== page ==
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Your mobile number follows

MNP comes into effect in India from today with major mobile operators ready to attract new customers.

The mobile number portability (MNP) issue has been in the air for quite a while but it took about three years from the time the idea of implementing MNP arose to when it was finally done, leaving users worried whether it was ever going to happen. From January 20, 2011 onwards MNP is in operation across India, thus enabling mobile subscribers to change their mobile operator while retaining their number.

Users have to send an SMS to 1900, and the present company will provide a unique porting code. This code should be provided to the new company while filling a detailed form at its outlet, website or IVR service. The cost for this process will be a maximum of Rs 19, which is payable to the receiving operator who at any rate wants to attract new customers and will consequently reduce porting charges or some times exempt the user from having to pay them, such as BSNL does.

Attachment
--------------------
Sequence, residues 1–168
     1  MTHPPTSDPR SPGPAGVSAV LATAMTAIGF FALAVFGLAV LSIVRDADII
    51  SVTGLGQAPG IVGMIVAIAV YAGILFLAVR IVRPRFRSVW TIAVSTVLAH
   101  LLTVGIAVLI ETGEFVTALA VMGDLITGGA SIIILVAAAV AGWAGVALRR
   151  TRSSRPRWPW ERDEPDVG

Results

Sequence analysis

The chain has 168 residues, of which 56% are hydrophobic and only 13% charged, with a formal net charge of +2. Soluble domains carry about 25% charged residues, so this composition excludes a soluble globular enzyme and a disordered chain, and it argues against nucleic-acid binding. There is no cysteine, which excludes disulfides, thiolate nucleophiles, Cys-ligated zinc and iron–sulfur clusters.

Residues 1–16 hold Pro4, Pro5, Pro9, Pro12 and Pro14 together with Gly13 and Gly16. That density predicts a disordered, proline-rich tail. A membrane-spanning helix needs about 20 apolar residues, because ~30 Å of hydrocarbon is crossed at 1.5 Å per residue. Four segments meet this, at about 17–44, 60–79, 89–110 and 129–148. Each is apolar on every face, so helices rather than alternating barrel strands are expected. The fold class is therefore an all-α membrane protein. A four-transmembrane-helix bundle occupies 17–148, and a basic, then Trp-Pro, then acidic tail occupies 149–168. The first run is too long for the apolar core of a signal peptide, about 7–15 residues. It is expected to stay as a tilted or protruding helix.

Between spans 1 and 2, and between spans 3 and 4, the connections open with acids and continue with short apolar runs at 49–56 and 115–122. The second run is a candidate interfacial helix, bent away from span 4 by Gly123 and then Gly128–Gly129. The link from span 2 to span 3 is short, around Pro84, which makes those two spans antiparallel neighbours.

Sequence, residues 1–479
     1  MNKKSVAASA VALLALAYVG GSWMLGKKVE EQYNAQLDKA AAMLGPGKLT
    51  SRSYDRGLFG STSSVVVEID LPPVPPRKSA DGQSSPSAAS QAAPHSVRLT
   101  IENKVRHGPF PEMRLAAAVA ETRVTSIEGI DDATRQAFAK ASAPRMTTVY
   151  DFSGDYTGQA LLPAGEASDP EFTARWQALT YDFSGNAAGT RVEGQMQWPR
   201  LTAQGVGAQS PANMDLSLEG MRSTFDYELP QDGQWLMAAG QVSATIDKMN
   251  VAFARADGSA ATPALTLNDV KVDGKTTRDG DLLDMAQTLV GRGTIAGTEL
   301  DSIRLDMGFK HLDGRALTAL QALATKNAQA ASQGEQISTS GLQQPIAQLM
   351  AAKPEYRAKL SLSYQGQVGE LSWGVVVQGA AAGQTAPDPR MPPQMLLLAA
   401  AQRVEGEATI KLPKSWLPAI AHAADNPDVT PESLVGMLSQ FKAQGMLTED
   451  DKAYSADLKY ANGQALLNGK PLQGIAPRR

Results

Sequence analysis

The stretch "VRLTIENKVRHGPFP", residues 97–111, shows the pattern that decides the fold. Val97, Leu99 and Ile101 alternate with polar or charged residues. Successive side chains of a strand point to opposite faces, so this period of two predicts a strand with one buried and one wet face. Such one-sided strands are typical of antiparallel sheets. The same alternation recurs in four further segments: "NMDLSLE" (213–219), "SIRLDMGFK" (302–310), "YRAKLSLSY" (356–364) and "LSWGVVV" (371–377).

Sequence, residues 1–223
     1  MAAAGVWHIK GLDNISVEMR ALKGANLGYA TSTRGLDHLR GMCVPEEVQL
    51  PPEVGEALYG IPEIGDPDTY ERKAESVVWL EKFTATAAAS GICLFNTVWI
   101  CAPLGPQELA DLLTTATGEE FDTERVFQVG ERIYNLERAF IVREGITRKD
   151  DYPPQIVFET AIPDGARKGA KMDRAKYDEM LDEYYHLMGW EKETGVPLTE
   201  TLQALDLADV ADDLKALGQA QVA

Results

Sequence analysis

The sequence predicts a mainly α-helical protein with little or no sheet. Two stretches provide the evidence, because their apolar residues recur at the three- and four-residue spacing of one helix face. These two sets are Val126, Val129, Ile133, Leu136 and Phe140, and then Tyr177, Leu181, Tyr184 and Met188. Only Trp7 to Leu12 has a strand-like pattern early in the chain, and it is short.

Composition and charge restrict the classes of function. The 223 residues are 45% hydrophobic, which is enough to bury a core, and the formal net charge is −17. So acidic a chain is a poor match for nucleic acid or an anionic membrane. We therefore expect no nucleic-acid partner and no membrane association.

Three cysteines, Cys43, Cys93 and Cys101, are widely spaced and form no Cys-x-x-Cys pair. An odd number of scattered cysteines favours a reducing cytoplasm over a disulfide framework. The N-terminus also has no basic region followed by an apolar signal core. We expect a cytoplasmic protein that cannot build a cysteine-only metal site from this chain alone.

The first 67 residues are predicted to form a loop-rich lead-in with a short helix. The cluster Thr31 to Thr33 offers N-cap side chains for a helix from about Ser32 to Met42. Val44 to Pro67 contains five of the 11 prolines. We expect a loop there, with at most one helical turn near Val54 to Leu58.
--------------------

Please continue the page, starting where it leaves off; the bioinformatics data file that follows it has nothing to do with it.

Major mobile operators have already geared themselves to provide MNP to customers and it could take seven days for a porting request to be processed. Users can shift from GSM to CDMA, but cannot change states for now. Mobile number portability is just like getting a new connection in all other aspects; it’s just that you get to retain the number you had with your previous mobile service provider. The facility is available to pre paid and post paid customers. Once the mobile service has been changed, consumers have to stay with the same mobile service provider for three months, after which they can make the switch again if they so wish.

It is expected that all mobile operators will improve their service due to the loyalty churn that MNP will create, but this will happen only if the churn creates an imbalance in subscriber numbers. If the number of users lost is about equal to the number gained in a short time, changes in service cannot be expected. According to a Times of India report, Vodafone customers were leaving the service provider at quite a substantial rate even before MNP. In fact the churn was said to be 41 per cent but the company always compensated for it by acquiring new customers.

 

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